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‘Situational comedian’ Filler hopes to fill ‘er up with laughs

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Deb Filler

Deb Filler in performance

One may not recognize Deb Filler when she takes the Mandel Jewish Community Center’s Stonehill Auditorium stage in Beachwood on Jan. 15 at 7 p.m. with her show, “I Did It My Way in Yiddish (In English).”

Filler is an internationally acclaimed singer and storyteller and may well be the only Jewish comic to come out of New Zealand. Her performance, like the others she has performed, is a one-woman show. But Filler introduced 36 characters in her “Punch Me in the Stomach” performance piece, which received rave reviews when performed at the JCC Halle Theatre in Cleveland Heights in 1996 and she transforms into 27 characters in another of her hit shows, “Filler Up!”

Filler takes on fewer characters in her 90-minute “I Did It My Way in Yiddish (In English).” But, she said in a telephone interview from her home in Toronto, “They do tend to pop up like plantar warts in my work. I don’t think I could really do a show without them.”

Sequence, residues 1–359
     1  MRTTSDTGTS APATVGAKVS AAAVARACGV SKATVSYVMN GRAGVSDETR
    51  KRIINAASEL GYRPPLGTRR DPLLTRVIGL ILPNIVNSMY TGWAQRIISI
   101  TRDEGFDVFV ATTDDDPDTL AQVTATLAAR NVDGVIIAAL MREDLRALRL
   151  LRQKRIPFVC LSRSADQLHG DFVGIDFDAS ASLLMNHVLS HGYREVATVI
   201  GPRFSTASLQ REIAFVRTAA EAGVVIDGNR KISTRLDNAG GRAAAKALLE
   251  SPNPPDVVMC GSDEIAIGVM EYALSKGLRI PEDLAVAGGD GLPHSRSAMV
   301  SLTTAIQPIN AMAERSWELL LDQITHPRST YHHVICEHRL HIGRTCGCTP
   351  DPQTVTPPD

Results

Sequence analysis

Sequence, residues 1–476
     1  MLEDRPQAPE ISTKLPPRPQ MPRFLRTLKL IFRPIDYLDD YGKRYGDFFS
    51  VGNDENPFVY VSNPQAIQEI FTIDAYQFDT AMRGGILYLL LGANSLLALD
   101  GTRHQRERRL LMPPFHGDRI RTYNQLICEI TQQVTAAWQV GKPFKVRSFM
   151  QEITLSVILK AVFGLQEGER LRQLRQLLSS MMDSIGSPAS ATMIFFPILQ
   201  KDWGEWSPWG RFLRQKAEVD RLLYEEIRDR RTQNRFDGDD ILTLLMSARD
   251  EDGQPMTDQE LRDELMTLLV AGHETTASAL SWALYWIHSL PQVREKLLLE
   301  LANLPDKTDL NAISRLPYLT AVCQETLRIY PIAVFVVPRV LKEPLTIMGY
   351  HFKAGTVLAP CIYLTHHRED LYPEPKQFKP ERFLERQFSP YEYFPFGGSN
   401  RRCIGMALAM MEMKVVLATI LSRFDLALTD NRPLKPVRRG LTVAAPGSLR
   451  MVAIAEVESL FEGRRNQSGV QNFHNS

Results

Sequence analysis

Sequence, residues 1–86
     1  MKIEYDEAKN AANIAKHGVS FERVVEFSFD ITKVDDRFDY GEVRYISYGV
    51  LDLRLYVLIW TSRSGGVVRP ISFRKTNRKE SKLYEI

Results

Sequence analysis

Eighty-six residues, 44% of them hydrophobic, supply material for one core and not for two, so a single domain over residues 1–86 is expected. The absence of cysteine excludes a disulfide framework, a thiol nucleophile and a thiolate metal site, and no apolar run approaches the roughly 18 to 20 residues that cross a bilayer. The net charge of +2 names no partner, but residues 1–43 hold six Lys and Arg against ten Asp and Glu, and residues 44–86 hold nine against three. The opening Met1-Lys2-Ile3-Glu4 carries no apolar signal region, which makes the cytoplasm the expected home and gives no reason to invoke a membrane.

Though often referred to as a comic, Filler prefers “situational comedian,” which means that she tells jokes.

“I have a repository of 500 Jewish jokes alone and I’m not afraid to use them,” she said.

However, she is more likely to perform humorous, self-disclosing stories in her shows. In this production, which includes music and a short film co-written by Filler and Guy Hamlin, the stories tend to revolve around the people in her life who influenced her performing career and her love of music.

One of those is her father – a man who believed that every song sounds better in Yiddish – and famed composer Leonard Bernstein. Filler learned from her father, an Auschwitz survivor, how in 1948 at the displaced person’s camp in Feldafing, Germany, the young maestro made an appearance. Watching Bernstein play Gershwin’s “Rhapsody in Blue” with an all-Jewish orchestra of survivors re-awakened her father’s hope and spirit. As Filler will share with greater specificity and skill, she would later track down an older Bernstein to thank him for saving her father’s life. He, in turn, would inspire her to become a musician.

Coincidentally, the special exhibition at the Maltz Museum of Jewish Heritage is “Leonard Bernstein: The Power of Music,” which runs through March 1.

Filler’s performance is presented by Interplay Jewish Theatre, the Maltz Museum and the Mandel JCC.

“Come ready to laugh,” said Filler when asked what audiences should expect from her show. “But be prepared to be moved as well.”

Bob Abelman covers professional theater and cultural arts for the Cleveland Jewish News. Follow Bob at or visit 2019 Ohio SPJ best critic.


Letters, commentaries and opinions appearing in the Cleveland Jewish News do not necessarily reflect the opinions of the Cleveland Jewish Publication Company, its board, officers or staff.

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